Recruiting Top Talent in Denmark
Hiring the right talent in Denmark to expand your company can result in a thriving business with numerous opportunities. However, the recruitment process can be complicated when you have no physical presence in Denmark yet. Our PEO and EOR service can be the solution for your company. Recruitment can be a tricky business, especially when a company is venturing into unfamiliar countries and exploring new markets. This is the perfect occasion to bring in a specialist to oversee the process for you.
Bradford Jacobs’ benchmark platforms as a Professional Employer Organization (PEO) have worldwide reach and include a total understanding of the challenging complexities of the Danish economy and employment market. You can trust Bradford Jacobs to put the brightest talent in place for your company. Our comprehensive knowledge of all Danish employment sectors and understanding of the culture and customs guarantee an untroubled transition. Look through our guide to familiarize yourself with everything an employer needs to know about the recruitment process in Denmark.
The Recruitment Process in Denmark
The Danes are often named the world’s happiest people, with a laid-back and chilled outlook on life which can also be seen in some approaches to recruitment. Employers are happy to take a phone call from job seekers asking relevant questions about the position and like the candidate to emphasize how much they want to work for the company as well as wanting the job. Employers put a candidate’s relevant professional experience above education and increasingly use LinkedIn and Facebook as recruiting tools.
The service and industries sectors employ the vast majority of Denmark’s workforce, in education, engineering, IT, medicine and healthcare, pharmaceuticals, iron and steel, electronics, food products, clothing and textiles. Small to medium-sized enterprises (SMEs) dominate the market. The employment market is fluid and flexible, with employers hiring and firing as they respond to market forces. Employees, though, do have the security of ‘A-kasse,’ the unemployment insurance fund. It is a combination which has keyed in the word ‘flexicurity’ to describe the Danish job scene.
Recruitment is the first stage of making your company operational and competitive in Denmark. It is vital to know where to locate the finest talent to be a perfect fit for your company’s expansion plans. Foreign businesses must follow strict procedures to register and onboard employees, complying with Danish law as well as any applicable European Union (EU) directives. Procedures include:
- Obtaining a Central Business Registration (CVR) number from the Danish Business Authority (DBA) for dealing with the various legislative bodies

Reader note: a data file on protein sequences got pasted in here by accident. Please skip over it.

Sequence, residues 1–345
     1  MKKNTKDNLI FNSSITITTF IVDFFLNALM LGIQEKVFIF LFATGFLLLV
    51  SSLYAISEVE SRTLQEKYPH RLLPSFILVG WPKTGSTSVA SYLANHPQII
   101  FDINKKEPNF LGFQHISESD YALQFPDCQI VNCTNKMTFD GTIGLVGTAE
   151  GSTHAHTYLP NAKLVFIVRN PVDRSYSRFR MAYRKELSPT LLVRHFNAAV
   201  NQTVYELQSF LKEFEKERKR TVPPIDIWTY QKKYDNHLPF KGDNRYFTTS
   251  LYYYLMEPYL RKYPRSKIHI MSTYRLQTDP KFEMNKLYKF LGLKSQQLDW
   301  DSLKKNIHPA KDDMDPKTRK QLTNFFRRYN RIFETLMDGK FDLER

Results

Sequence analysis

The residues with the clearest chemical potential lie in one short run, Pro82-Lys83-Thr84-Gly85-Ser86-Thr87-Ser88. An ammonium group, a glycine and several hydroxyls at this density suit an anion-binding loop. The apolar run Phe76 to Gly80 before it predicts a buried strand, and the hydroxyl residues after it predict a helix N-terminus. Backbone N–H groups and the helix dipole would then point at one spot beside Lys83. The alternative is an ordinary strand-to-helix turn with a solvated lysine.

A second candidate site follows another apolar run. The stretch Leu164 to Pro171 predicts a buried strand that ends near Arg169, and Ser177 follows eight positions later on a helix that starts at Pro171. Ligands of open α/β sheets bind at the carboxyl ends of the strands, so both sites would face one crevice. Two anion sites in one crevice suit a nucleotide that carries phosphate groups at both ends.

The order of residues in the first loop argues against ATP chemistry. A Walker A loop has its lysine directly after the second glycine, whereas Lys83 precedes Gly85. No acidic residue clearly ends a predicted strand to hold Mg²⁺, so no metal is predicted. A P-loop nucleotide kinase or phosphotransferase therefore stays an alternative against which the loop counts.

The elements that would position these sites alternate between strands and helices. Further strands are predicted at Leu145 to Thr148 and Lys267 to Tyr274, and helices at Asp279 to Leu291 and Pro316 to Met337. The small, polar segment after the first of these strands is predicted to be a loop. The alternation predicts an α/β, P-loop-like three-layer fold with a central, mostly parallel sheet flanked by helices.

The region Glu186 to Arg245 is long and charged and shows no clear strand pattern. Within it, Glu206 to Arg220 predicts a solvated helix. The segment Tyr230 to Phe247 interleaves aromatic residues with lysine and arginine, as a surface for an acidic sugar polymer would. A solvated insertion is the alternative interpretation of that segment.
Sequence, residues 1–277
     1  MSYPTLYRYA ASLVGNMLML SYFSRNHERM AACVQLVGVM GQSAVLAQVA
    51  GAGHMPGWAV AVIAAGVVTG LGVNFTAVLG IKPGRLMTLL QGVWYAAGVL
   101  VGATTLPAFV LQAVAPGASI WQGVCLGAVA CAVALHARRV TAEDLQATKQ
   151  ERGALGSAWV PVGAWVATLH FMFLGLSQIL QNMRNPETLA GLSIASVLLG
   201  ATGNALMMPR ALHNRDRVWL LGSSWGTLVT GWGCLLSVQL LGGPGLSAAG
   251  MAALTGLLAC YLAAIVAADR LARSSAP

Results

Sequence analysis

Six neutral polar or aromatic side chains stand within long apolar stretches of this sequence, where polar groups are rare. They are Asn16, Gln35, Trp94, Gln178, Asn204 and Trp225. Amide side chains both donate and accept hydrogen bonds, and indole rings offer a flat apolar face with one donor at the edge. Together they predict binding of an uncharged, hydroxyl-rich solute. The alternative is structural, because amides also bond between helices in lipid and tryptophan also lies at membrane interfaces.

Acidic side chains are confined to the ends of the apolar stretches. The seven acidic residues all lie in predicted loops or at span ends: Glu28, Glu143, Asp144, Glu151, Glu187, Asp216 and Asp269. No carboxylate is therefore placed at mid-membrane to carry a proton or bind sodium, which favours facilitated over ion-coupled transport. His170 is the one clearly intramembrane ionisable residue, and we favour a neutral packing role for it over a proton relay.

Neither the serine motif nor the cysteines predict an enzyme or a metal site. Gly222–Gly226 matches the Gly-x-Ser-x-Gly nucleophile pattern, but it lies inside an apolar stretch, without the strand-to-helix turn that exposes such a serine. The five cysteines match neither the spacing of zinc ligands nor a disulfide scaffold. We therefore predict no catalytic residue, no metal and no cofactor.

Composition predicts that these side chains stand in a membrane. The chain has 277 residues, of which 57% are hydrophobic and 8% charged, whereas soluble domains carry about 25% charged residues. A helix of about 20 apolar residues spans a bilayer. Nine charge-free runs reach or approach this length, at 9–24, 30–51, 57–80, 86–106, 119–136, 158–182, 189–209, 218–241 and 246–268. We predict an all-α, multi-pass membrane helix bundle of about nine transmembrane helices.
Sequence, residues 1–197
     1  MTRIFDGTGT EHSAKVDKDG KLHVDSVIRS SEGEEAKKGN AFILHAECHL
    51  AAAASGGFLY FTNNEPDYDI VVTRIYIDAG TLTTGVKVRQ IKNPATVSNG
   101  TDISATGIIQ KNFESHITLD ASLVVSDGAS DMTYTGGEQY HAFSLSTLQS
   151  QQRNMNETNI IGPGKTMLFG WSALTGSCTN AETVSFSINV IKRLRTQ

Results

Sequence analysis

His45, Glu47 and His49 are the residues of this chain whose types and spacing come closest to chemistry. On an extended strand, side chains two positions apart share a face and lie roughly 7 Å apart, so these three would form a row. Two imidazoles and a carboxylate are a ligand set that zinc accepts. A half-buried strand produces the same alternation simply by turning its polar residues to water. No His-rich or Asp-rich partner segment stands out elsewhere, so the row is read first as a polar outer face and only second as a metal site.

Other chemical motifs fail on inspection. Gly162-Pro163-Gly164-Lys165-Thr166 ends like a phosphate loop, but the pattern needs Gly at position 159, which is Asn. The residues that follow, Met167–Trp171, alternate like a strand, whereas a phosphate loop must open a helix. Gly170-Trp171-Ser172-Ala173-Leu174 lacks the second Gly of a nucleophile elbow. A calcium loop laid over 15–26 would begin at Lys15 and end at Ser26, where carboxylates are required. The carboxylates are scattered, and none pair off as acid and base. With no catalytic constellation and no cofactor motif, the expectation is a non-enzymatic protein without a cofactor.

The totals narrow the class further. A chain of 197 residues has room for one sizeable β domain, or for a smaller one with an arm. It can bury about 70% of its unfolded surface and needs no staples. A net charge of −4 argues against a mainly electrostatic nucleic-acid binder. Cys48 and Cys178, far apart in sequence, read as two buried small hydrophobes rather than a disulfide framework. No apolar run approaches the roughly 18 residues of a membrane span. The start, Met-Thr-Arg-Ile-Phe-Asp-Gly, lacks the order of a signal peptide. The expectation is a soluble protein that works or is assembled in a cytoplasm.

- Registering with the Danish Customs and Tax Administration (SKAT) for withholding tax from employees’ salaries and remitting to the authorities
- All employers must take out mandatory industrial insurance, along with the withheld Danish Labor Market Supplementary Fund (ATP) contribution
- Creating contracts – All Danish employers must provide a contract if the employee has worked for at least one month and more than eight hours a week. The contract must cover specific conditions of the employment and can be requested in the language of choice, though this is not a legal requirement
Legal Checks You Can Make on Employees in Denmark
When commencing the recruitment process in a foreign country, employers must consider their legal obligations regarding personal information. Employers must carry out background checks, which are only considered fair and legal if they relate directly to a job and are necessary for reaching a decision on recruitment. These background checks may also only be carried out with the consent of the candidate, and all employee information must be protected according to GDPR and data protection laws.
Common checks carried out in Denmark include:
- Criminal record checks – Criminal records can be obtained only by the individual concerned and the employer still needs a valid reason for requesting them, such as employment with minors.
- Minors’ Safety checks – For any role which involves working with children under 15 years of age, the employer can ask for verification the employee/candidate is cleared to work with children.
- Health checks – Under the Use of Health Data in the Labor Market Act, information on the employee/applicant’s health can be obtained only if it is directly relevant to the job.